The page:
What kind of teachers? Japanese professors? Gym teachers?
Credentials? Or, Just a few ALTs?
The Wikipedia page about 倒置 states:
This sounds to me as if it was a stylistic choice to disobey grammar rules? Or am I reading that wrong?
Until now I always thought those instances where someone “forgets” to say an important part of the sentence and appends it to the end after the verb is not grammatically correct and only happens in speech, but maybe that’s wrong. I guess it doesn’t even really matter if something is correct or incorrect according to some grammar rule. I was just surprised that they would present such a sentence to absolute beginners.
Also, the rough and tough adventurers calling each other あなた
I think what’s happening here, is that whoever made this manga opted to use the most basic, textbook, mechanical style of Japanese in order for absolute beginners to understand the content. Personally, I think it would have been better for them to use fairly standard Japanese that you would encounter in this kind of manga, then explain everything in the guide they provided. That way, it would be easier for the reader to eventually make that transition to “regular” manga when they eventually get that far, and they’re being exposed to casual Japanese early on. But hey, I can see this kind of manga being used in a N5 classroom, so I don’t think it’s all bad.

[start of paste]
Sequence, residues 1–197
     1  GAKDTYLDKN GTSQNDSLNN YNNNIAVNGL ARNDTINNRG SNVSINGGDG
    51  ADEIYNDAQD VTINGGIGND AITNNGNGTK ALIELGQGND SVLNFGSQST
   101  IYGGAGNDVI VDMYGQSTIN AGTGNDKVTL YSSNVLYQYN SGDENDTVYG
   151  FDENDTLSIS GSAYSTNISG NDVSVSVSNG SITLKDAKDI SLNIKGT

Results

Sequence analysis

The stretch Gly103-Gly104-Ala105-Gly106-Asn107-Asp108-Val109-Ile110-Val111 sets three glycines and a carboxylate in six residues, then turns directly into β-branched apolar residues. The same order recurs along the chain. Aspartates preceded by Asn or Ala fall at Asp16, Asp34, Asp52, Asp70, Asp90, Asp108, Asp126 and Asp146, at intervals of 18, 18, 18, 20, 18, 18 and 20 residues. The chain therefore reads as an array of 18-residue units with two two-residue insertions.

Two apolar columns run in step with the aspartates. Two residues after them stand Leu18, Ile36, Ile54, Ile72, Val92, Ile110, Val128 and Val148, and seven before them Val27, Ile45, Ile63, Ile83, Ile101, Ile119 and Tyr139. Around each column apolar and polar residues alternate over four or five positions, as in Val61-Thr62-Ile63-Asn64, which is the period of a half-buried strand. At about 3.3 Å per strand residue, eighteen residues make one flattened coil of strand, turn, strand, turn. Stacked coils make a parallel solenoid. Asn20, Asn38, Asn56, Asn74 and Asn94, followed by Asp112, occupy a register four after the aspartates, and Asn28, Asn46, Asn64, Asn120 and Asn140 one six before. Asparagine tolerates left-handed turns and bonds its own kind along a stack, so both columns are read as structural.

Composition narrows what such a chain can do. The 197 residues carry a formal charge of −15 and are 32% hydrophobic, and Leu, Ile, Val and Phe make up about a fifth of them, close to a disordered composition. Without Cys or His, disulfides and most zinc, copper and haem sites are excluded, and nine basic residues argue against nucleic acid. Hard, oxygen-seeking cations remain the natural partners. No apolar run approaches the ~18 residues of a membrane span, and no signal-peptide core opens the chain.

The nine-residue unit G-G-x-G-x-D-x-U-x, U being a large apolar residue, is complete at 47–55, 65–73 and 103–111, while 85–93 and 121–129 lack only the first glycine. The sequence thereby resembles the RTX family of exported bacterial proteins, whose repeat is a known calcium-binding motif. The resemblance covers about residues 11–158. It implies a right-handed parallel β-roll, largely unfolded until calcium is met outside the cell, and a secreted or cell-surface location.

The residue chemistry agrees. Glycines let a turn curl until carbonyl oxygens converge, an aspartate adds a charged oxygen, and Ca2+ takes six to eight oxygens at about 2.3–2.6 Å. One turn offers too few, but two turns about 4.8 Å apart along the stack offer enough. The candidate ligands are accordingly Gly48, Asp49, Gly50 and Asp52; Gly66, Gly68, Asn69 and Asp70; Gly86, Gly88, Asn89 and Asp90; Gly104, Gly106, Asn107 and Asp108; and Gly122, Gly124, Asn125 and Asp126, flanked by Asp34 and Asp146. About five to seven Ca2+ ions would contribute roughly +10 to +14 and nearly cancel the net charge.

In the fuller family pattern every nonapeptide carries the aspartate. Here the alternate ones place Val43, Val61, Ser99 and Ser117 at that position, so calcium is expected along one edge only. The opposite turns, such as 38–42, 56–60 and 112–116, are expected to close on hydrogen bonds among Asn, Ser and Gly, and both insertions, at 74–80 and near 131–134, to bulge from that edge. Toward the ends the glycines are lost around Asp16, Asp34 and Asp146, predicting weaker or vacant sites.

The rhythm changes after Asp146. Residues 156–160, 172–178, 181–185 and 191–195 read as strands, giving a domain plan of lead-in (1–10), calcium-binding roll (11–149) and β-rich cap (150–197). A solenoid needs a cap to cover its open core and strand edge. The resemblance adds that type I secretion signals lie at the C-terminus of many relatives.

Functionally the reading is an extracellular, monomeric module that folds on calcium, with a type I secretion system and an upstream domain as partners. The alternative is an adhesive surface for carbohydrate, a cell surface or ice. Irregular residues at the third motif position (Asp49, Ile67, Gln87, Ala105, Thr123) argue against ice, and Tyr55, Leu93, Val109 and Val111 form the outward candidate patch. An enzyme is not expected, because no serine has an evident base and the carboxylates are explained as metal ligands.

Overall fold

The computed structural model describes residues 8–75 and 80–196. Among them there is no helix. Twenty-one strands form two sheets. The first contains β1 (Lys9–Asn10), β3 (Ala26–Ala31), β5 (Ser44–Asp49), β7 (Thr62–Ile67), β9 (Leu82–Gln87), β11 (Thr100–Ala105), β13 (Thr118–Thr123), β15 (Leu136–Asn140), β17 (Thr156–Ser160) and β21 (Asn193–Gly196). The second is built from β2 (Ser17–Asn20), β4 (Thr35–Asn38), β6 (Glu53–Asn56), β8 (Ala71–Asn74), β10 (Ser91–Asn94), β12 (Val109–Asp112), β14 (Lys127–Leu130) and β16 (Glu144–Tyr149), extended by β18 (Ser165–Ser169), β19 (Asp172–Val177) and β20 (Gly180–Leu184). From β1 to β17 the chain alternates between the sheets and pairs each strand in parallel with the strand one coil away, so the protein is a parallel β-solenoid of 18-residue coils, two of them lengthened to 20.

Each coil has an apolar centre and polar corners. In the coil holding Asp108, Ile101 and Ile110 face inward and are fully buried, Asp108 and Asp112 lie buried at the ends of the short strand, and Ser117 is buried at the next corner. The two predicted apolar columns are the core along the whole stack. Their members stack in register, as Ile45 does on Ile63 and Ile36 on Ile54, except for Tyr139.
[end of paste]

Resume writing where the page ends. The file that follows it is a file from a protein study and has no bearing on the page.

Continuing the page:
I guess it comes down to what’s strictly correct and what’s pragmatically correct. It’s supposedly a “rule” that every Japanese sentence needs a verb, but that’s not really true – い-adjectives can stand on their own since they have an inbuilt copula, for example. Bare nouns can be a grammatically correct sentence on their own, as with 大丈夫？, despite being technically incomplete without a verb or a copula.
You can often even omit the verb entirely if it’s clear by context – shouting 手を！ to someone in danger of falling off a cliff; 目が！as you’re blinded by a bright light; ご武運を as you send someone off to war.
And some patterns don’t ever take a verb at all, like the 日本へようこそ you see as you step off the plane, 聖火の加護と祝福のあらんことを as a cleric blesses you with a healing prayer, or 彼女ができますように as you might write on a strip of paper to hang up at Tanabata. This last one is especially devious since it also breaks the “subordinate clauses don’t use polite form” rule, but that’s the standard pattern for making wishes!